One point that most authors have agreed on is that the family Ardeidae can be divided into four main groups, whatever their inter-relationships might be. These groups are the day-herons (Ardea and its relatives), night-herons, bitterns and tiger-herons. There are also two single-species genera of more uncertain relationships, Cochlearius and Agamia. The South American tiger-herons have been regarded in the past as closely related to the day-herons on the basis of osteological data (Payne & Risley 1976), but DNA-DNA hybridisation and vocal data position them as the basalmost group in the Ardeidae (McCracken & Sheldon 1998). Unfortunately, heron phylogeny does not appear to have been given much attention since the DNA-DNA hybridisation days, and the only study I found referred to that used (barely) more advanced molecular methods (Chang et al. 2003) seems to have not included tiger-herons. Payne & Risley (1976) took a conservative approach that referred to each of the four groups as separate subfamilies whereas Kushlan & Hancock (2005) included both the night-herons and day-herons in the Ardeinae and placed the other two groups in separate subfamilies. Kushlan & Hancock (2005) also recognised a separate subfamily each for Cochlearius and Agamia, but I suspect this more reflects their uncertain relationships rather than any positive idea about their positions.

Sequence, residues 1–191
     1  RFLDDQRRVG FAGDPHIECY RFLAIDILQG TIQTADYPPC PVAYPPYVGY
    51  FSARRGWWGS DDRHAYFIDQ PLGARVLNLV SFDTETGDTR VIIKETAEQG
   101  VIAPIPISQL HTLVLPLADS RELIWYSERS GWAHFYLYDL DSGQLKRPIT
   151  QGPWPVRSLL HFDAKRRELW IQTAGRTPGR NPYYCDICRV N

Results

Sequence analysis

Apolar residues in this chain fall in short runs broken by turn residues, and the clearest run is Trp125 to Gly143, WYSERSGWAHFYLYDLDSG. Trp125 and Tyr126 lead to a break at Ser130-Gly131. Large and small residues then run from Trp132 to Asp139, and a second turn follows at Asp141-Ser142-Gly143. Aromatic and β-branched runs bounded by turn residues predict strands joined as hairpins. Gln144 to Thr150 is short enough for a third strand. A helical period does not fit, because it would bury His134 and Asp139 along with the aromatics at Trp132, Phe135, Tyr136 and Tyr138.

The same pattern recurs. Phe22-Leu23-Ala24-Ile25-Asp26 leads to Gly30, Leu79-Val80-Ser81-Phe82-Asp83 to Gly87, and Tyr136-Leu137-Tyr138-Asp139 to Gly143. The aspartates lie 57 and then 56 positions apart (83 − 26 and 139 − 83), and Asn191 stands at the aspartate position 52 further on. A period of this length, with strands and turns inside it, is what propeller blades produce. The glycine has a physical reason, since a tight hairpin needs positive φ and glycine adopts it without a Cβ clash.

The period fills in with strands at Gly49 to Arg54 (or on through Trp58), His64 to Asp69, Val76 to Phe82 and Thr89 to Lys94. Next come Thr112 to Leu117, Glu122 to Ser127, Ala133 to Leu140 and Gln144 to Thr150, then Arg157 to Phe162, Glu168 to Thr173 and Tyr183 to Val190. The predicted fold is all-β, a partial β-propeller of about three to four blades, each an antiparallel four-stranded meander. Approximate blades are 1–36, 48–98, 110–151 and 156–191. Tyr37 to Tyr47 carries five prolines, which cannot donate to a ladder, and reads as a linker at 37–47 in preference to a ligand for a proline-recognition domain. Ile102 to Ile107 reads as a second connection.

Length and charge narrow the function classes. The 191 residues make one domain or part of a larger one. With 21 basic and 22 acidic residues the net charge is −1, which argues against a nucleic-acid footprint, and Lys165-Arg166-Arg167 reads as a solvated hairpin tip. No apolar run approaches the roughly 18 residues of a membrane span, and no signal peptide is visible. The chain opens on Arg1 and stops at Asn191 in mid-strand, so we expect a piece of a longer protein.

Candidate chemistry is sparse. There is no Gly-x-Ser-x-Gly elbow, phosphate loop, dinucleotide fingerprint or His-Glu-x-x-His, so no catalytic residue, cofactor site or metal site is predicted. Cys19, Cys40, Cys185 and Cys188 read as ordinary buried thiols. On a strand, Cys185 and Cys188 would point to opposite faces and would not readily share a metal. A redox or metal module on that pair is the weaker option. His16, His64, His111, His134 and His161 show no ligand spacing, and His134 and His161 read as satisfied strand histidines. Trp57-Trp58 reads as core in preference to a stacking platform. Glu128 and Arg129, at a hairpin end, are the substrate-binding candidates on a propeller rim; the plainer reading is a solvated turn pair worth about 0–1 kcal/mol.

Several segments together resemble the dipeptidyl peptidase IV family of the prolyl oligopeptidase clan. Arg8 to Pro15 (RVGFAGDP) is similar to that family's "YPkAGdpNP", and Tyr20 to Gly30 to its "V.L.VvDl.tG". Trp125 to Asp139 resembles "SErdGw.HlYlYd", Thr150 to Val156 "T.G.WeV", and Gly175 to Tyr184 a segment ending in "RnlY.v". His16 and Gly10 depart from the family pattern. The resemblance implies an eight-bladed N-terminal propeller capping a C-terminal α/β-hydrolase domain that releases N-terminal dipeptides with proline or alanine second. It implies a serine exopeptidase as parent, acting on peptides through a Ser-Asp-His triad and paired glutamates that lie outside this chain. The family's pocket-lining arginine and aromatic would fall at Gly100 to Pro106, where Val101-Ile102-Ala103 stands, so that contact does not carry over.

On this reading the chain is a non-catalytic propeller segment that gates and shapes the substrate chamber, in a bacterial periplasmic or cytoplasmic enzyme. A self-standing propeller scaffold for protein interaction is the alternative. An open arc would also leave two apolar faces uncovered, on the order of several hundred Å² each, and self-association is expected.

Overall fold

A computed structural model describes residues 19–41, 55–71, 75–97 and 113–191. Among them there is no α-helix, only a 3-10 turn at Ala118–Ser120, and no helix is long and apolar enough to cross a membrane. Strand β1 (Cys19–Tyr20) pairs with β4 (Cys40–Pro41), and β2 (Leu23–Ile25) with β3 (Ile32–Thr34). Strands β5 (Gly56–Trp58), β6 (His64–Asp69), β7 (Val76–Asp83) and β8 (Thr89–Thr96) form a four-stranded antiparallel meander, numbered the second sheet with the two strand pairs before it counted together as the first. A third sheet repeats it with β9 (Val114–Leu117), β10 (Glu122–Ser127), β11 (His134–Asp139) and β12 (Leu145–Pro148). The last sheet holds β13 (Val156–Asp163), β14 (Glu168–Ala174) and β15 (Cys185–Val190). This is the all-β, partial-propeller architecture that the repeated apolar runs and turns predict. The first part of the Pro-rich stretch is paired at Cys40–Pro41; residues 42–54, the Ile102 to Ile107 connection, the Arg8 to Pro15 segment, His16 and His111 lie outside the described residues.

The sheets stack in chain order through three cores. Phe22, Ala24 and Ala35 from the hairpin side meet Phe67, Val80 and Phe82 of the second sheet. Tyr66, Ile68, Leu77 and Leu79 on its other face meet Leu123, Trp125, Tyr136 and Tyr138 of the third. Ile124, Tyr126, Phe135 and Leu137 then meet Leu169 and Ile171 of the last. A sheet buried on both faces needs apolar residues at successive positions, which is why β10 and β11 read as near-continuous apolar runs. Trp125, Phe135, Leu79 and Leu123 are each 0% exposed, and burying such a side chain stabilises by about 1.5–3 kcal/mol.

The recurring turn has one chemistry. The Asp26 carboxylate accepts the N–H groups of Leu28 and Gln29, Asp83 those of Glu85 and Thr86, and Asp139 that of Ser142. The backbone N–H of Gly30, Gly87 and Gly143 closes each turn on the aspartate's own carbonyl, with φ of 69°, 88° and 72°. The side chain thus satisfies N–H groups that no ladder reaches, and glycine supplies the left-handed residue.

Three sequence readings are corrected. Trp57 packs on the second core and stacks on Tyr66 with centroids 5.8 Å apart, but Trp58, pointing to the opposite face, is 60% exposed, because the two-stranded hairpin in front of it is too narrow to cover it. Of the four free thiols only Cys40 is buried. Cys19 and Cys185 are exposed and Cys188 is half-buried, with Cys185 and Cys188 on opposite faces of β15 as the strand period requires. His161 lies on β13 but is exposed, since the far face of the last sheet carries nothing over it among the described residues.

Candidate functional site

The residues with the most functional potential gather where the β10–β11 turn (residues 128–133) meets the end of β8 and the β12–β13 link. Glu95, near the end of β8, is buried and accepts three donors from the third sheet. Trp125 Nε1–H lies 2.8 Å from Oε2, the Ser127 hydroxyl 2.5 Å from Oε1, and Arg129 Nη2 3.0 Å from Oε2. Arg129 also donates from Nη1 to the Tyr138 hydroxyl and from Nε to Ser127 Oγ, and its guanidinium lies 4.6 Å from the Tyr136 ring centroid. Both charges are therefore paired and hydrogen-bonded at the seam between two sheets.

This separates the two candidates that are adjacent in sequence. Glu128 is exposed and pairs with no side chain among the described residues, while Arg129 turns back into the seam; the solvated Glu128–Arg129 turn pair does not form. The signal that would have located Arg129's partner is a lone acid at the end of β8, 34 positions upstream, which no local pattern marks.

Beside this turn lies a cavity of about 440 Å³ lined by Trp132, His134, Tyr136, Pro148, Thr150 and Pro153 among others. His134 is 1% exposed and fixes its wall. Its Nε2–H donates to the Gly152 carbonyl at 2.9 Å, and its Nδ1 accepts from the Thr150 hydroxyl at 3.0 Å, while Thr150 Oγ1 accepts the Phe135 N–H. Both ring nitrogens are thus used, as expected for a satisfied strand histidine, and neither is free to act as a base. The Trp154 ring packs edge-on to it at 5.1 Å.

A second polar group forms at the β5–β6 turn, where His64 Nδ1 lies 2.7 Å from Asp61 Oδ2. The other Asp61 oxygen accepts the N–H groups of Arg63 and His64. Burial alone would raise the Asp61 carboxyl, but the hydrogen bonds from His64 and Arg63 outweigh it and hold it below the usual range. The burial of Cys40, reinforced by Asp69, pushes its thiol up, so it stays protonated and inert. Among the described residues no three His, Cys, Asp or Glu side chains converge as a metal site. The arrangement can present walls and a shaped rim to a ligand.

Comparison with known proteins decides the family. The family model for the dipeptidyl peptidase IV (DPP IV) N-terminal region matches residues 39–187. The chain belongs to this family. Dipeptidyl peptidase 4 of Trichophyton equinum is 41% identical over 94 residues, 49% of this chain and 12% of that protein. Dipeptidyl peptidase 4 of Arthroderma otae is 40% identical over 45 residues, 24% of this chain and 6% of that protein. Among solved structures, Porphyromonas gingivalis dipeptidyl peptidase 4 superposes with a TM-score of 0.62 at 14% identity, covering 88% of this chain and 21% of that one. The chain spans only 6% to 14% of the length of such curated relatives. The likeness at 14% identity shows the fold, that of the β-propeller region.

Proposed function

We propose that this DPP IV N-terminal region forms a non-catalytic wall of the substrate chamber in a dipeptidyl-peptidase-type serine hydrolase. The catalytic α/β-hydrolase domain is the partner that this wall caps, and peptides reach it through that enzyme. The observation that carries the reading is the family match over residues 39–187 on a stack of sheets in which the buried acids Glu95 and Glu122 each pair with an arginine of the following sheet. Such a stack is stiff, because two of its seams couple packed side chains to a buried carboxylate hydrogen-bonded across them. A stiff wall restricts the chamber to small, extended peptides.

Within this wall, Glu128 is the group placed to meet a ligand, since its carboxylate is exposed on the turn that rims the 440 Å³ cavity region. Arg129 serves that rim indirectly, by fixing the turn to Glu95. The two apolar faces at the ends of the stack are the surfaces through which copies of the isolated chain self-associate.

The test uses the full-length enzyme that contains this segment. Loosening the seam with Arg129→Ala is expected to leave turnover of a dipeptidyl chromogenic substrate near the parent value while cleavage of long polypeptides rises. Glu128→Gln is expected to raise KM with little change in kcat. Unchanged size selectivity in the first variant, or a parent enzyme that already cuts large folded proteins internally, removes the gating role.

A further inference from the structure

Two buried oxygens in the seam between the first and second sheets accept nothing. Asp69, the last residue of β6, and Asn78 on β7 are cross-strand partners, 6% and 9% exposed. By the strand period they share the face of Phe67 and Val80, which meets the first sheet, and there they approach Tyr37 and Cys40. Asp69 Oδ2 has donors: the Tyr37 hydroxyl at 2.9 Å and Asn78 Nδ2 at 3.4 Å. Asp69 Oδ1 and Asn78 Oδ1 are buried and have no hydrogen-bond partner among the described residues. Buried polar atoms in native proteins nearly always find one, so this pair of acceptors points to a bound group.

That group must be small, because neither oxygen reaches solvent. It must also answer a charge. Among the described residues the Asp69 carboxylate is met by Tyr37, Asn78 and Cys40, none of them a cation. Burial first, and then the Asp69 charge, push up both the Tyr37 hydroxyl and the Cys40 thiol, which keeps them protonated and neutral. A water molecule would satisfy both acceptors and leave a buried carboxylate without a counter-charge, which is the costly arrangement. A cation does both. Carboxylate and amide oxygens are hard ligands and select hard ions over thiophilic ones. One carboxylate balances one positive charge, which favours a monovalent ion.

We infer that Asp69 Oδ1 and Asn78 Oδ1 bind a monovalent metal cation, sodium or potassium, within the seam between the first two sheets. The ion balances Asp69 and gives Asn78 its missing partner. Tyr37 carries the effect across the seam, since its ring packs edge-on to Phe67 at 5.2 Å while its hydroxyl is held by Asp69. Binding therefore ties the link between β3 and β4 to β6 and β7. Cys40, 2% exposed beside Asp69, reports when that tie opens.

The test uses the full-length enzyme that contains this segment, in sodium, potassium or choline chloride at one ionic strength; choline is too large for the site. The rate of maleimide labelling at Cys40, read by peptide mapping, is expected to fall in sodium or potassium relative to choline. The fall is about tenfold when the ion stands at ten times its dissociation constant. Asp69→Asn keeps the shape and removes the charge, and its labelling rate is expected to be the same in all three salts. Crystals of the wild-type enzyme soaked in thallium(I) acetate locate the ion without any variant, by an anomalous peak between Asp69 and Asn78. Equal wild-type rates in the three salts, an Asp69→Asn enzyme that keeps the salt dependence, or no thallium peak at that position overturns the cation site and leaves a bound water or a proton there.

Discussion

Chinese pond-heron Ardeola bacchus, from here.

The day-herons (Ardeinae proper or tribe Ardeini, depending on whom you ask—Kushlan & Hancock, 2005, divide them into two tribes Ardeini and Egrettini, but that isn’t an approach I’ve seen elsewhere) are the best-known of the groups, and include what most people associate with the name “heron”—long-necked, long-legged, stately birds. As well as the herons of the genus Ardea, this group also includes the egrets (Egretta) and the pond-herons in Ardeola and Butorides. As the common name indicates, the day herons are largely diurnal. The males of a number of day heron species (most notably members of the genus Egretta) produce long decorative plumes in the breeding season, as can be seen in the photo of Casmerodius.